Three or four words – maybe a few more. Clear. Easy to remember.
We all recognize the great ones – Nike’s Just Do It, Wendy’s Where’s The Beef?, Avis’s We Try Harder. They all have an emotional tone and nicely sum up their brands’ attributes. But for every good tagline, there are thousands of bad ones. Such as:
Lucent: Creating Value Through True Convergence. Sounds like it was written by a committee under strict orders to use business jargon.
Lafayette, Oregon: Third Oldest City In Oregon. The town council must have seen the tagline of Lewes, Delaware – The First Town In The First State – and concluded that tourists can’t resist references to municipal historical trivia.
Delta Airlines: We Get You There. So stop complaining already, will ya? Okay, yes, we’re 45 minutes late, we spilled a Diet Coke on you, and the inflight movie was Jack and Jill. We got you there, didn’t we?
We probably shouldn’t pick on Lafayette – they likely asked a citizen’s committee to draft the tagline. But Lucent and Delta presumably hired expensive ad agencies to concoct those magical verbal potions, so they deserve a bit of ridicule. (Lucent, of course, isn’t around anymore to defend itself. Coincidence?)
Discouragingly, past tagline success is no guarantee of future performance. FedEx, back when it was Federal Express, told people to use its service When It Absolutely, Positively Has To Be There Overnight. Classic! Do you know what it is today? No? Why it’s Solutions That Matter, of course! How could you forget that?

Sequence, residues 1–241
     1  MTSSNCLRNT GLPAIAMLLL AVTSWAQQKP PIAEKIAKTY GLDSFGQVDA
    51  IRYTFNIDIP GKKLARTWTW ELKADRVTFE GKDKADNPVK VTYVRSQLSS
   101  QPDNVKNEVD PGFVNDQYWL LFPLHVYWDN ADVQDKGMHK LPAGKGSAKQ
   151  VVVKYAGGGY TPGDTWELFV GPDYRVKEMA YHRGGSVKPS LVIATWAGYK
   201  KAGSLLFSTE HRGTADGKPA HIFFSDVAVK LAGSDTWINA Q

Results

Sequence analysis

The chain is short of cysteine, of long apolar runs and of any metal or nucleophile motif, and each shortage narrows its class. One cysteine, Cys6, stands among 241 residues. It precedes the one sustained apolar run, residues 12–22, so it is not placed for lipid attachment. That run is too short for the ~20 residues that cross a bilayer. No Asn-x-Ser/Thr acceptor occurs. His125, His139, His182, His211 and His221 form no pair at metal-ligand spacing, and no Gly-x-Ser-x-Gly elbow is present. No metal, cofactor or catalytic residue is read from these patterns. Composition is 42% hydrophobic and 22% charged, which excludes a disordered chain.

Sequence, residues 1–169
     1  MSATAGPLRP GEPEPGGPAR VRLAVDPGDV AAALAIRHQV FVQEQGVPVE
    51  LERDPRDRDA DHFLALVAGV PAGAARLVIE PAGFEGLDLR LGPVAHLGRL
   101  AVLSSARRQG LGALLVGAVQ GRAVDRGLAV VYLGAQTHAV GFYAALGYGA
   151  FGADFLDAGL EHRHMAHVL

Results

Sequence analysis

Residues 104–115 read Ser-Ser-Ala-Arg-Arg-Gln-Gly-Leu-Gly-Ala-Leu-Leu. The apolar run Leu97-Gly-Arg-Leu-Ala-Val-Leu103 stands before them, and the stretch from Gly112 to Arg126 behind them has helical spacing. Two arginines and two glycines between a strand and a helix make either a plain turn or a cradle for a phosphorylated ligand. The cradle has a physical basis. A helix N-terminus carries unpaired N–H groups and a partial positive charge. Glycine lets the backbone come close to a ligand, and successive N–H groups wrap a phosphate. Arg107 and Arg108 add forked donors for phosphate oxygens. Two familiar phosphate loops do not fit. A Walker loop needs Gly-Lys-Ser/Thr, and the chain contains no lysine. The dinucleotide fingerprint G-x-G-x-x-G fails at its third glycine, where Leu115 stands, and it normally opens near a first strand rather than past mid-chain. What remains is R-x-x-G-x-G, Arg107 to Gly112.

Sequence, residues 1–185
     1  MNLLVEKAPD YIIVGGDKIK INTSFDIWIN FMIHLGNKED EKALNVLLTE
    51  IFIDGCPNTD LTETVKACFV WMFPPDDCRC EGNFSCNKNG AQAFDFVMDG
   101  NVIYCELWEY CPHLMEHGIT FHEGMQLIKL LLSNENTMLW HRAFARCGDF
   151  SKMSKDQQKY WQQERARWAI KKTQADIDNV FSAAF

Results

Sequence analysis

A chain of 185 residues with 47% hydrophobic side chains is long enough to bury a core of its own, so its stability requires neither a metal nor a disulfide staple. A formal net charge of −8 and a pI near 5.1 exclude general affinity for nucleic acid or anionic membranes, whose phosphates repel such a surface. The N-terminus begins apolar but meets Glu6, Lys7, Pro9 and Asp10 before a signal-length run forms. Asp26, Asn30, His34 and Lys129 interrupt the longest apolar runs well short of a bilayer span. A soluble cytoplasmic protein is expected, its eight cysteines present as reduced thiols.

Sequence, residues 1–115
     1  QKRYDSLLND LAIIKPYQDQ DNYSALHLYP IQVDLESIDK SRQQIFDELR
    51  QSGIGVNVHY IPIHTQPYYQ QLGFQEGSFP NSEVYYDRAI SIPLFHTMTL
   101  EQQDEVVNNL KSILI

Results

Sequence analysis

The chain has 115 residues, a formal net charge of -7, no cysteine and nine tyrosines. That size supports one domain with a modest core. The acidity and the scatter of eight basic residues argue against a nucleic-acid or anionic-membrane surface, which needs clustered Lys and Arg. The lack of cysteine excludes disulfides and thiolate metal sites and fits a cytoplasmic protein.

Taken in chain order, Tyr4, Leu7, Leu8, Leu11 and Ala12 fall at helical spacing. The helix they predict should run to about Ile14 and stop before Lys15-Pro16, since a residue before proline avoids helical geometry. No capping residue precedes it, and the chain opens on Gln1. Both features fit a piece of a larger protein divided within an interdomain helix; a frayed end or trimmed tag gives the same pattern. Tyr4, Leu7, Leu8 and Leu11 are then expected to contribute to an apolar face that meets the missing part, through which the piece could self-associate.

“Matter” has joined the ranks of a lot of overused tagline words: “passion,” “quality,” “excellence,” “community,” “commitment.” Even the structure of taglines has become formulaic: Use three words, separate at least one from the others with a period. If you’re clever, write it so you can read the tagline a couple of different ways. Wrangler: Real. Comfortable. Jeans. A Minneapolis college’s degree in business ethics: Good. For Business.
And if you can’t do clever, do a sort of condensed instruction manual. A local company that sells supplies for making beer at home has a new tagline: Brew. Share. Enjoy. The longer version, apparently, is “Use this stuff to BREW beer, then because you can’t drink 20 gallons by yourself, SHARE it with others, but try to do a good job so you all ENJOY it.”
Also, discouraging: Taglines not only take a lot of time and effort to create, they require tons of advertising before they become familiar. Let’s face it, as good as they are, those famous taglines for Nike, Wendy’s and Avis wouldn’t have meant anything to consumers without strong – and frequent – commercials. They’re the final words of a series of stories, or the punchline of a well set-up joke.
We’re seeing a big transformation in advertising as the era of mass merchandising starts to recede and interactive, long-tail promotion becomes more common. Look over lists of great taglines and you’ll have to blow dust off most of them: Timex’s Takes A Licking And Keeps On Ticking; Brim coffee’s Fill It To The Rim With Brim, Tareyton Cigarettes’ I’d Rather Fight Than Switch, Clairol hair coloring’s Does She Or Doesn’t She?
A lot of today’s hip companies – Urban Outfitters, Levi’s, Apple – don’t really use taglines anymore. Design carries the weight. The evidence seems to suggest that’s a smart move.
So if somebody in your company suggests you add a tagline because they’re simple to write, cite the slogan that was the rallying cry of the 1980s “War on Drugs”: